The Protoevangelium of James and St. Justin Martyr, both dating to the middle of the second century, offer the first evidence that a cave in Bethlehem was being venerated as the birthplace of Christ. That’s quite early. By the middle of the third century, the controversial Christian thinker Origen knew of a cave and a manger there. By the fourth century, large numbers of Christian pilgrims were coming to the small city.
In A.D. 326, either to accommodate those pilgrims or to attract them, or both, the Roman emperor Constantine the Great ordered the construction of a church in Bethlehem — a square basilica, to which was attached an octagonal chapel. Visitors could stand in that chapel and gaze down into an exposed complex of caves.
Unfortunately, the Constantinian church was destroyed in the Samaritan Revolt of A.D. 529. Shortly thereafter, the emperor Justinian — who also erected Constantinople’s great Hagia Sophia (see “The dramatic story behind one of the world’s greatest churches” on deseret.com for more about the history of the Hagia Sophia) — commanded that it be rebuilt.
Of that church, the Patriarch Sophronius, visiting early in the seventh century, wrote “When I see all the glistening gold, the well-fashioned columns and fine workmanship, let me be freed from the gloom of sorrows. I will also look up at the design above, at the coffers studded with stars, for they are a masterpiece of heavenly beauty. Let me go down also to the cave, where the Virgin Queen of all bore a Saviour for mankind.”
Although longer and differently designed than Constantine’s church and with a floor roughly two yards above that of the original building, it reused Constantine’s polished pink limestone columns and its north and south walls matched those of the earlier structure.
The church that visitors to Bethlehem see today is essentially Justinian’s. When the Persians invaded the area in A.D. 614, destroying virtually all Christian churches, the Church of the Nativity was spared. Why? Because the Byzantine mosaics on its façade depicted the Magi who worshiped the infant Jesus clothed as Persian holy men.
The Church of the Nativity was again spared during the Arab conquest of A.D. 634. Indeed, the caliph Umar prayed in it four years later. On Christmas Day 1101, it was the scene of Baldwin I’s coronation as ruler of the Crusader Kingdom of Jerusalem. In 1192, the great Saladin, victorious Muslim leader of the counter-Crusade, permitted Christian services in it to continue.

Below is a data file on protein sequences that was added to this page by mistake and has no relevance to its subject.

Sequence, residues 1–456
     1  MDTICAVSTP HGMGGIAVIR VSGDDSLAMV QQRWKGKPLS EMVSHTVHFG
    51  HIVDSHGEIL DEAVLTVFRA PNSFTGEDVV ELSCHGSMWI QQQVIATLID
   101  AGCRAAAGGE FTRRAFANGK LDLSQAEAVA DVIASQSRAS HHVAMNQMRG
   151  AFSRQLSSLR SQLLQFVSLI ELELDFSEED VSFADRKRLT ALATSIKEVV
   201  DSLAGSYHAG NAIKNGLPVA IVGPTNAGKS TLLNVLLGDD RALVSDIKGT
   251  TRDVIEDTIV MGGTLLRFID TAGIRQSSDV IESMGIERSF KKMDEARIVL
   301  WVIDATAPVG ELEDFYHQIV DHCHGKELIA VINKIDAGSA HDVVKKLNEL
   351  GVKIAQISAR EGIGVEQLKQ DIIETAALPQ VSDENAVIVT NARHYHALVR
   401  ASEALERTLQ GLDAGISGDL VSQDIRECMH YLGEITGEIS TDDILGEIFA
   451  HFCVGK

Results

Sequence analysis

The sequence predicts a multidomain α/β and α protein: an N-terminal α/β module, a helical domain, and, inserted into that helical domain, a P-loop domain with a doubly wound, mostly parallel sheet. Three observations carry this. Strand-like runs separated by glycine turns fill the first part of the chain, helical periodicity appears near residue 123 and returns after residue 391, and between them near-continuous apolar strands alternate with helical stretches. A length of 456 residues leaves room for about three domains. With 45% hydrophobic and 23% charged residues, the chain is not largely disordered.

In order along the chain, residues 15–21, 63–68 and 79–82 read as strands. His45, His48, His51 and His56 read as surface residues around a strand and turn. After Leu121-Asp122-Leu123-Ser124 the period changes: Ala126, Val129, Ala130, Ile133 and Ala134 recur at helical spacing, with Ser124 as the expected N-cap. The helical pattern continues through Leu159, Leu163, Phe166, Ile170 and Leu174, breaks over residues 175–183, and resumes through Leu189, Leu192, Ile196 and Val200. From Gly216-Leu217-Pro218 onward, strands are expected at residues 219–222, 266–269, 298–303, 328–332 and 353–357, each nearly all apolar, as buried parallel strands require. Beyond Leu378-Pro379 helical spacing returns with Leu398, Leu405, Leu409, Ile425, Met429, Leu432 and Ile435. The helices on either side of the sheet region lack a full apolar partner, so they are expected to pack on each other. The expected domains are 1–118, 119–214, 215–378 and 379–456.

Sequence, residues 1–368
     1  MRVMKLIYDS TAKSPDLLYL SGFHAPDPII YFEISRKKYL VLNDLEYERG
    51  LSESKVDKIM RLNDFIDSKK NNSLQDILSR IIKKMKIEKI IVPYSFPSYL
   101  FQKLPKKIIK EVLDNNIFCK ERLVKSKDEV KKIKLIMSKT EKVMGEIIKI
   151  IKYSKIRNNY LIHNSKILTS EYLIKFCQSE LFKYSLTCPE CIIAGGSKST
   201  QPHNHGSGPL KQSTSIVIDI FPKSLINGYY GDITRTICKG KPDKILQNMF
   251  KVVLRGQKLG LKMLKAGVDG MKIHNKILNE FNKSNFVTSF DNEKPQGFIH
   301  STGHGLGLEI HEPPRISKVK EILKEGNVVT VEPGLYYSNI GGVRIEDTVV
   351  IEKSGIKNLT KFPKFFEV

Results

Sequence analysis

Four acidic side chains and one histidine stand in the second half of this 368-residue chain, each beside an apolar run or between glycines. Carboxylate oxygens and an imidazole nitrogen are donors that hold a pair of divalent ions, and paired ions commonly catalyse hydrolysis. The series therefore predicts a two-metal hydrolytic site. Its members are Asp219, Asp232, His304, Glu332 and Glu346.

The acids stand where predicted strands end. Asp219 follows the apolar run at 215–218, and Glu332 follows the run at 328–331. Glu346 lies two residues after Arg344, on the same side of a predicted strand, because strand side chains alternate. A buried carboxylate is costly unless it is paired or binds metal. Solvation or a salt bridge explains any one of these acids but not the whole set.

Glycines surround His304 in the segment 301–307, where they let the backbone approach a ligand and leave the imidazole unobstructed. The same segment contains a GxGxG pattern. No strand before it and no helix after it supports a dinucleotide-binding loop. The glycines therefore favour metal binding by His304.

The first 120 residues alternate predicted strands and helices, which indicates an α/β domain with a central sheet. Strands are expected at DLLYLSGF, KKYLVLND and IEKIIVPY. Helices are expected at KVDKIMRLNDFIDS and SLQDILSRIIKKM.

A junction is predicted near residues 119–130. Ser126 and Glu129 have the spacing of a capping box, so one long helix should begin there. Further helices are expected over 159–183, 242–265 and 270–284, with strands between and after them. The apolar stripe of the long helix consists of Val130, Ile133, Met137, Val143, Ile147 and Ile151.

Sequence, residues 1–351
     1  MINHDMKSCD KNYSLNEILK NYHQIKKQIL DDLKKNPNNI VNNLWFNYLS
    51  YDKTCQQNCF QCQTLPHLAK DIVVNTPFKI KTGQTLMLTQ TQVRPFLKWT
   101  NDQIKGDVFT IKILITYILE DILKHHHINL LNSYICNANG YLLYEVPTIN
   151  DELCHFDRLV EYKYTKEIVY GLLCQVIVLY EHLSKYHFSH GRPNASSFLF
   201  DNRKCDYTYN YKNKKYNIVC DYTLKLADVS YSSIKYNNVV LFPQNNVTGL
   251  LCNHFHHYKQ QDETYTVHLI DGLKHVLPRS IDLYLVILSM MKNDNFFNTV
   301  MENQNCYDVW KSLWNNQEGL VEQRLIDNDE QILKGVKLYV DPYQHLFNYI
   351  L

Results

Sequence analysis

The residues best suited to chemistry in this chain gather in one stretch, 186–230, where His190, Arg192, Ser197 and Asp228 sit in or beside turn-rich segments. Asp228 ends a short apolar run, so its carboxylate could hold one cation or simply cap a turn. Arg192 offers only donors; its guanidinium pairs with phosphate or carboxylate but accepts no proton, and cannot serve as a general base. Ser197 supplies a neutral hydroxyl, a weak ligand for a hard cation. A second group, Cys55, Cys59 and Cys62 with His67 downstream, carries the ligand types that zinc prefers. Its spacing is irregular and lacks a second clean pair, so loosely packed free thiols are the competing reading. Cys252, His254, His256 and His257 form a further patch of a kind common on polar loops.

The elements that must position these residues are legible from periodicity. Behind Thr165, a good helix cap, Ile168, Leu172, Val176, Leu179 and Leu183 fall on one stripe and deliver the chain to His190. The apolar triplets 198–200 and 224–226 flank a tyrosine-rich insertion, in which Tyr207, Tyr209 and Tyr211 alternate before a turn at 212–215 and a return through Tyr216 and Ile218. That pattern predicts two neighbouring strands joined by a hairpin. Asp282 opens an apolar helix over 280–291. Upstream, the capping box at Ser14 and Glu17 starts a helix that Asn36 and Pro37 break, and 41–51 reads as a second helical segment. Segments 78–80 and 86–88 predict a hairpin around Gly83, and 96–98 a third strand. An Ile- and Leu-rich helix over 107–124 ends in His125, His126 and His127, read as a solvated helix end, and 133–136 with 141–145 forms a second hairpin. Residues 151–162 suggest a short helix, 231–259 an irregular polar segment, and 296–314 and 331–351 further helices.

Time, however, has taken its toll.
The mosaic on the façade is long gone. And, while Justinian’s church had three massive entrance doors, the northernmost of them is essentially invisible behind an 18th-century buttress and the southern door is covered by an Armenian monastery.
Modern visitors approach the Church of the Nativity across part of what was once the courtyard of Constantine’s structure. And, while the lintel of Justinian’s massive original central doorway is still visible, as is the outline of a Crusader-era door’s somewhat smaller pointed arch, they enter today through the so-called “Door of Humility,” which is all that remains — and which is so low that people are obliged to bow as they come in. The Ottoman Turks deliberately made it small in order to prevent the carts of looters from having easy passage.
Thirty of the church’s columns bear Crusader-era paintings of the Virgin and Child and various saints, although age and poor interior lighting make them difficult to see. Similarly difficult to discern are the wall mosaics, mostly dating to the 1160s, that once covered all or most of the interior. Much of the church’s marble was carried off after the Ottoman Turkish conquest of Palestine in the 16th century. Happily, though, parts of a fifth-century mosaic pavement are still visible through massive wooden trapdoors in Justinian’s higher floor.
In 1852, Roman Catholics, Armenians and Greek Orthodox were granted (sometimes very uneasy) joint custody of the church, with the Greek Orthodox being given specific responsibility for the traditional Grotto of the Nativity. To enter and exit that cave, visitors must navigate rather steep marble steps and pass through Justinian’s sixth-century bronze doors. In the grotto, a silver star is set in the marble flooring above the precise spot where the Prince of Peace is said to have been born.
A dispute over that star (placed by Catholics, with a Latin inscription) and its disappearance (allegedly stolen by Greek Orthodox monks) served as a pretext for the 1853-1856 Crimean War, in which the United Kingdom, Sardinia, France and the Ottoman Empire defeated the Orthodox Russian Empire.
Daniel Peterson teaches Arabic studies, founded BYU’s Middle Eastern Texts Initiative, directs MormonScholarsTestify.org, chairs interpreterfoundation.org, blogs daily at patheos.com/blogs/danpeterson, and speaks only for himself.